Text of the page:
No wonder no one wanted me around. I had no real talent, except for being extremely clumsy.

Someone tapped me on my shoulder. I looked round and saw that it was Penelope. ‘Your turn for guard duty,’ she said.

‘Fantastic,’ I said sarcastically. Guard duty meant standing in a deserted field for two hours, waiting for nothing to happen. ‘Did you see anything, Nelly?’

‘No. Not a thing. As usual. Come on, Alice, you’d better go quickly or Dominic will do his nut when he realises that I’ve left that stupid field unoccupied for more than a minute.’

I smiled. She was absolutely right, of course – Dominic, our pack leader, always made sure that all of the land surrounding our clearing was being guarded at all times, and, trust me, you didn’t want to be the one found neglecting these rules.

I stood up, thanked Penelope and walked over to Kristen.

‘I have to take my turn at guard duty now, Kristen,’ I said to her. She took absolutely no notice of me.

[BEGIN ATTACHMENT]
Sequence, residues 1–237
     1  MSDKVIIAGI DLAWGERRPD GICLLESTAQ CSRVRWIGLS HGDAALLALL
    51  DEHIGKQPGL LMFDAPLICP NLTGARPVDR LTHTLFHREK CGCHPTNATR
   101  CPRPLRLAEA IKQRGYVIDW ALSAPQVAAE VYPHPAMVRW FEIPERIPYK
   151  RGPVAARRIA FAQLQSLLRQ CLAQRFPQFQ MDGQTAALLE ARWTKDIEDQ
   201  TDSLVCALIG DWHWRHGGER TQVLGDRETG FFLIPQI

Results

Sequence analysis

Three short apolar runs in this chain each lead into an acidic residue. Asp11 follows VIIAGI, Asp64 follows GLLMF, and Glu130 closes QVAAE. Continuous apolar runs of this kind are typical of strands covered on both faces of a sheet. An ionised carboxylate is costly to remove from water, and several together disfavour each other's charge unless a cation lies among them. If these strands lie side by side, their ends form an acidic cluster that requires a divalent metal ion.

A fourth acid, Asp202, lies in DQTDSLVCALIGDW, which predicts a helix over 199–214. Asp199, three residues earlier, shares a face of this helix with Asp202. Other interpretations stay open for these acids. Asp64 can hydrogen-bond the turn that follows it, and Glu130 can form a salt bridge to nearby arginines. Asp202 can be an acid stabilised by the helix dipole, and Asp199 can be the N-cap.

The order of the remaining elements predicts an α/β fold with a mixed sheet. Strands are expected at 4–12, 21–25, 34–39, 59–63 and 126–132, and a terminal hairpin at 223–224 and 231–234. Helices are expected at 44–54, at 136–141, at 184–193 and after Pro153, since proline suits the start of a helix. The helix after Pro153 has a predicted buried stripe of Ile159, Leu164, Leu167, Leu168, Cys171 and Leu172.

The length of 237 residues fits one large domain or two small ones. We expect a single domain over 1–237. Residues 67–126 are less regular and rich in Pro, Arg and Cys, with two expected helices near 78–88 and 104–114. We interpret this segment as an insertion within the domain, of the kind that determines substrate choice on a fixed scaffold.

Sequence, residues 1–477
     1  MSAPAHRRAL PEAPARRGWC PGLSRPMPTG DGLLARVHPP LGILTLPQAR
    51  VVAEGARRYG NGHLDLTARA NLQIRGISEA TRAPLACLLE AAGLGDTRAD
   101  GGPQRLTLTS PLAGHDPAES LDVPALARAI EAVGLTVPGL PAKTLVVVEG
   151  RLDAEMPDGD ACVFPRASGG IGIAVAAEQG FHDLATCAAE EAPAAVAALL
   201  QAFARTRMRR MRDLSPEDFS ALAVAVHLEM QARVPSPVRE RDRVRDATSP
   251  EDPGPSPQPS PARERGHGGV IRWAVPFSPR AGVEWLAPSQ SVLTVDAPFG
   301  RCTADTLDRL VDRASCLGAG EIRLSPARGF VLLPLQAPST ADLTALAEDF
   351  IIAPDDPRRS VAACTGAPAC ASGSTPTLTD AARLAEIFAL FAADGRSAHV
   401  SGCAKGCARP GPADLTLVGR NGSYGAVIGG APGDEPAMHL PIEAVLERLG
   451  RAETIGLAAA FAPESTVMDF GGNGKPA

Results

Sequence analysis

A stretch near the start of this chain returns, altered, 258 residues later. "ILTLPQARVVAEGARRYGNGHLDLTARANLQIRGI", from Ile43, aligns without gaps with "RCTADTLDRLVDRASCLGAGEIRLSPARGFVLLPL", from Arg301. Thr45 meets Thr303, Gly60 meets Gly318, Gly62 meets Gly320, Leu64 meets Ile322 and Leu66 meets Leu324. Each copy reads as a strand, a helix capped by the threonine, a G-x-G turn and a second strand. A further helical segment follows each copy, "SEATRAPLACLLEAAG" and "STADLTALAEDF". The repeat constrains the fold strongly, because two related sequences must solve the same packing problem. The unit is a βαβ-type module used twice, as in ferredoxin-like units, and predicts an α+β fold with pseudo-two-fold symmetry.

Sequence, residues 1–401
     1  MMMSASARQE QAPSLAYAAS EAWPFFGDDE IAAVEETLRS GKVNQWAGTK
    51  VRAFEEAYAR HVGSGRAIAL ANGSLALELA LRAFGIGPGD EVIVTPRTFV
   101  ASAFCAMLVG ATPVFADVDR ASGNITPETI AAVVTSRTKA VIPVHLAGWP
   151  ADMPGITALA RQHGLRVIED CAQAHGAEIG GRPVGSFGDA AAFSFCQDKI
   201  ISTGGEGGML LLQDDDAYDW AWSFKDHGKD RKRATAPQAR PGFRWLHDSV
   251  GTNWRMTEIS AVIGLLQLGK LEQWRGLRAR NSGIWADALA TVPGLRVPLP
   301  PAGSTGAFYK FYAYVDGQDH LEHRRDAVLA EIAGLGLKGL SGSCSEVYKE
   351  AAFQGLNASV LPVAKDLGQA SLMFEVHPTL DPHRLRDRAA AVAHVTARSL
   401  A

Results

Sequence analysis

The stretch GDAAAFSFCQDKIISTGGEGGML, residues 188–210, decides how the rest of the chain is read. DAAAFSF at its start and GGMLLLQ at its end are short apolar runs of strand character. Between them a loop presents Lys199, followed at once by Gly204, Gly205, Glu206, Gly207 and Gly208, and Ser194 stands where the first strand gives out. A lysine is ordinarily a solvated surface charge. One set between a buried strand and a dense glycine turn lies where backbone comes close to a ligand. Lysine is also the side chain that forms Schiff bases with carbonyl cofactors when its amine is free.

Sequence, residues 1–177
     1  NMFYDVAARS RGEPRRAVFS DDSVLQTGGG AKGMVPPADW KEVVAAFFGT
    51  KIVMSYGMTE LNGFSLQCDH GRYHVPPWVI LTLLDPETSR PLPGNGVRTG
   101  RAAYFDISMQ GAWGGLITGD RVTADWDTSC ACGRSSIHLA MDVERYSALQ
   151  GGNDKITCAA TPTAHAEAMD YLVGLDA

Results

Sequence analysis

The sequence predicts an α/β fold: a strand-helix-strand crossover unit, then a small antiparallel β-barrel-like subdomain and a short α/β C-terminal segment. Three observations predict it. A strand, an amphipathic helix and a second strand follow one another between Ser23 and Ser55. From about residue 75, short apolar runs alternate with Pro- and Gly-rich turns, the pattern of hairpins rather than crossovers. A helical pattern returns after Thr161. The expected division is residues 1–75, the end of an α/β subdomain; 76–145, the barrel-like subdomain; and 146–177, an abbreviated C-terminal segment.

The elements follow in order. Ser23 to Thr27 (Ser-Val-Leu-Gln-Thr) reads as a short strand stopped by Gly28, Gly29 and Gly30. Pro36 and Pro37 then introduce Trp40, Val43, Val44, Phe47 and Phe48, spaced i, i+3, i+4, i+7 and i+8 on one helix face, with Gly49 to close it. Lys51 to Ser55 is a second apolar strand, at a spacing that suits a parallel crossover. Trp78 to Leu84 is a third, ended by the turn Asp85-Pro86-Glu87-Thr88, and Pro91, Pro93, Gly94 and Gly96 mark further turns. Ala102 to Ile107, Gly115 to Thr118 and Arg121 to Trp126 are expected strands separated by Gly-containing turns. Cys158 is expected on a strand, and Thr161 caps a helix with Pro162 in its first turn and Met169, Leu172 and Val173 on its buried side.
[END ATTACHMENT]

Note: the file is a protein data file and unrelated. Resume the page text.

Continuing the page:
‘Hey there, little Elspeth,’ she cooed, ‘you haven’t drunk all of your milk yet. And, no, my precious Kasper, you can’t have your sister’s milk!’

I rolled my eyes. Sometimes it was like the only people alive were Kristen and the twins.

‘Kristen?’ I waved my hand in front of her face. That was literally the only way to get her attention sometimes.

She looked up at me. ‘Ah! Alice, there you are! Could you be a dear and go and grab some apple purée for me? And after that, could you hold Elspeth, while I rub Kasper’s back?’

‘Kristen,’ I said, getting impatient, ‘I need to go to guard duty.’

She sighed and said quietly, ‘Well, if you must.’ Then she turned her full attention back to the twins. ‘Come on now, Elspeth; finish your milk like a good girl.’